In Ambler, the closing of the former Keasbey and Mattison asbestos company in the 1970s also left behind a major brownfield site. After nearly ten years of environmental remediation and financial problems, the Ambler Boiler House rose from the neglected site as a multi-tenant office building that provided a new workplace within a two-minute walk of a regional rail station. Shortly after that, a nonprofit organization bought the historic downtown Ambler Theater and spent millions restoring its original character. That project anchored additional main street development.

Even the U.S. government left environmental contamination in its wake when it de-commissioned the Willow Grove Naval Air Station, leaving the groundwater in and around the base tainted from years of chemical dumping. When the township of Horsham launched plans in 2015 to develop a multimillion-dollar residential-retail-office complex to replace the military base, its first challenge became environmental remediation.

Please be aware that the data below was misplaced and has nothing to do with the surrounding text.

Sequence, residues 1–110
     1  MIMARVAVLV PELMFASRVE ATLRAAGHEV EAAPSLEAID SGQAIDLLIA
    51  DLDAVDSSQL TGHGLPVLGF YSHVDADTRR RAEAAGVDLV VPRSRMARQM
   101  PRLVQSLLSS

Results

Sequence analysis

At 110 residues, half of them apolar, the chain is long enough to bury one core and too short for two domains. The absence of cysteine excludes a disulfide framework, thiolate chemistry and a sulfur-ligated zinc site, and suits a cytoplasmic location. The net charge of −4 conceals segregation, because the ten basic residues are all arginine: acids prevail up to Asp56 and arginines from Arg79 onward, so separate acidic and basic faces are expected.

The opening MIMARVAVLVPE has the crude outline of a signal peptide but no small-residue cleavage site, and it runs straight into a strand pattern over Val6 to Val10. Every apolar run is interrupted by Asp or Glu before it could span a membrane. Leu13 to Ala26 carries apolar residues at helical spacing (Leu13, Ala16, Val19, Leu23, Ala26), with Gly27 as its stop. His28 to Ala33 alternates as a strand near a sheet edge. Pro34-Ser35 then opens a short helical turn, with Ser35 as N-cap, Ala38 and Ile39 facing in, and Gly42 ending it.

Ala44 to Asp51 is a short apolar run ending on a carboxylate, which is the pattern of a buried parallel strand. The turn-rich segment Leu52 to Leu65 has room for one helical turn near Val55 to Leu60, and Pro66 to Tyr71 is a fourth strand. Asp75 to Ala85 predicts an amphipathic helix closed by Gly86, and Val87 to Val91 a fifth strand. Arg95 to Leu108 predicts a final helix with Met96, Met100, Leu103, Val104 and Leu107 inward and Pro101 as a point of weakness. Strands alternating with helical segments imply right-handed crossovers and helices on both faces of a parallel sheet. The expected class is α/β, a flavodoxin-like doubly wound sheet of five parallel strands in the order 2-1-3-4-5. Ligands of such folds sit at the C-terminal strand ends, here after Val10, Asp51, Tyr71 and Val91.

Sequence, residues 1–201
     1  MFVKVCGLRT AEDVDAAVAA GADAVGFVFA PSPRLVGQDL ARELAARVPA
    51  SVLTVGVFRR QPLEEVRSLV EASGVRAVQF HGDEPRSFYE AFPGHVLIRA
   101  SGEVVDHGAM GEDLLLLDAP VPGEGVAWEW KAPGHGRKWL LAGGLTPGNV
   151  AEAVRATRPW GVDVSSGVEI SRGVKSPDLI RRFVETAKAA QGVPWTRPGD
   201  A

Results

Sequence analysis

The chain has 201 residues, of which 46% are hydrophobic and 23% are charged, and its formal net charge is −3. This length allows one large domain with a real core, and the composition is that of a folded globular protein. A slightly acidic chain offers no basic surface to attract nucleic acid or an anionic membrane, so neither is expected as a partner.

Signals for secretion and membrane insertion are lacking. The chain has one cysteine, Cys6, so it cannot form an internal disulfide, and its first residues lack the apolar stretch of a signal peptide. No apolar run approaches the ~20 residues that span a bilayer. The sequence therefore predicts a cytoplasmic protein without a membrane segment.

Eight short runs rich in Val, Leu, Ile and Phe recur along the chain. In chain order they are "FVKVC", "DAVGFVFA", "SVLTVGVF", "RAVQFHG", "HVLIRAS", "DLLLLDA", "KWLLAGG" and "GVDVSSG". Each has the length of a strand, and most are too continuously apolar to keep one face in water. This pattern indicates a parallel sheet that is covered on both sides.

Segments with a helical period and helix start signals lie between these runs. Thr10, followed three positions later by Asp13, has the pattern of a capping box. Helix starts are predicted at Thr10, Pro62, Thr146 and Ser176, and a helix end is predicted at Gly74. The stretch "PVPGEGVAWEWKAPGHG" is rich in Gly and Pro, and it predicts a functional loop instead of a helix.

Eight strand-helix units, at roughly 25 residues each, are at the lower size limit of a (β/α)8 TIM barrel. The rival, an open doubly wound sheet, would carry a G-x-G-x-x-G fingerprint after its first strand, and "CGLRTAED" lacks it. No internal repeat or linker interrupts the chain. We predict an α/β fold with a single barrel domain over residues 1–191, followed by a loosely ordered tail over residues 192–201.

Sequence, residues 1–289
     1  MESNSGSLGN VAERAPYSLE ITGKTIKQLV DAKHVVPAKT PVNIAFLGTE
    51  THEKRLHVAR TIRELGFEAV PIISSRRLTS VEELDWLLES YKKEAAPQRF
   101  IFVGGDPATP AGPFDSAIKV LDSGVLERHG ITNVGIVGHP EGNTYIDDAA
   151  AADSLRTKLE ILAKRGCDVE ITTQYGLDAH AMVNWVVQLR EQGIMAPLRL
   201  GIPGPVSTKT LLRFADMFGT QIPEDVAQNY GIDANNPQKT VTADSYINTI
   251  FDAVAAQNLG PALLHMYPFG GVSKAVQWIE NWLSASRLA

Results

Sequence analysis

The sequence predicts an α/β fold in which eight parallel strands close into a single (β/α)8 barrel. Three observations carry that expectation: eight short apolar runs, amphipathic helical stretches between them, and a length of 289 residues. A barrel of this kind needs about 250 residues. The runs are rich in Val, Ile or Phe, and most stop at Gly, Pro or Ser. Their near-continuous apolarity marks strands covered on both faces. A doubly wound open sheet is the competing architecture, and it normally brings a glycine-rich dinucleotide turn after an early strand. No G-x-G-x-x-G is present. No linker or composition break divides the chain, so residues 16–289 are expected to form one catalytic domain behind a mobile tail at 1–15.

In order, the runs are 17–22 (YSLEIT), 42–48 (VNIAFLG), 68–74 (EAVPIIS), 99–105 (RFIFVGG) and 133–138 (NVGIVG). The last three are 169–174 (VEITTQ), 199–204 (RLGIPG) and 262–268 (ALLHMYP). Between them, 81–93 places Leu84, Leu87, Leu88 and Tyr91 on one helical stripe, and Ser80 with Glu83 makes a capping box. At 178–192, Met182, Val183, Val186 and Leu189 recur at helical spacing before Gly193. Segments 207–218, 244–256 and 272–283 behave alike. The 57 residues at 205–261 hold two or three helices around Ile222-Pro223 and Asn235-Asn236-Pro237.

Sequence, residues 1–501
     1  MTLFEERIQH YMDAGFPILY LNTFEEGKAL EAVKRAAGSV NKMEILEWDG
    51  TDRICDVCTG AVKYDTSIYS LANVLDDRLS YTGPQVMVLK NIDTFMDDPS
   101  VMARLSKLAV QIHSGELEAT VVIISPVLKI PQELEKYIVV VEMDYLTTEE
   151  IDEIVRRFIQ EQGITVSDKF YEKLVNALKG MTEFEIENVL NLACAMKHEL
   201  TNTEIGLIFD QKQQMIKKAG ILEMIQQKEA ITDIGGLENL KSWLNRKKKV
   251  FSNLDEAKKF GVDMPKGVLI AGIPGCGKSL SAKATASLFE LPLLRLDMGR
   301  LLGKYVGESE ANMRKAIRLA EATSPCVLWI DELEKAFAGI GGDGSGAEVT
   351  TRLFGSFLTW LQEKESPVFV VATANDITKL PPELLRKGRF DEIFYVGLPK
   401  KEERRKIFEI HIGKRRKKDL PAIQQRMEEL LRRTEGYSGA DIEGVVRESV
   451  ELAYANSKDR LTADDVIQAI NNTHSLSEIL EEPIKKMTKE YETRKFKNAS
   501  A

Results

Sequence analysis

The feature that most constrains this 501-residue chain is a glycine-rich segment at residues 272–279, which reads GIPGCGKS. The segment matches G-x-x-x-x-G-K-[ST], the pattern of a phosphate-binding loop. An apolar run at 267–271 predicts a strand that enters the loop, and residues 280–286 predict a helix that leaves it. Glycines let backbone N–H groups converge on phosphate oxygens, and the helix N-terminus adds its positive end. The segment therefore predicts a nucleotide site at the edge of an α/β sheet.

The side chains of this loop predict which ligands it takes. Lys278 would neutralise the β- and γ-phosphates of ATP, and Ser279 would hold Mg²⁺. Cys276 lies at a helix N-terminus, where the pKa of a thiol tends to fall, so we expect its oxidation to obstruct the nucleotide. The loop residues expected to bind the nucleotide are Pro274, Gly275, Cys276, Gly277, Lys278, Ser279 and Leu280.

Planning for the Future

The twentieth century transformed a county that had once boasted a sizable rail network into a suburban landscape shaped largely by highways. Travel from suburb to suburb increased, creating a pattern that was ill-served by rail lines constructed to carry passengers back and forth to Philadelphia. According to the 2015 American Community Survey, 80 percent of Montgomery County workers got to work by driving alone. More than half of all county residents had access to two or more vehicles, and 95 percent had access to at least one vehicle.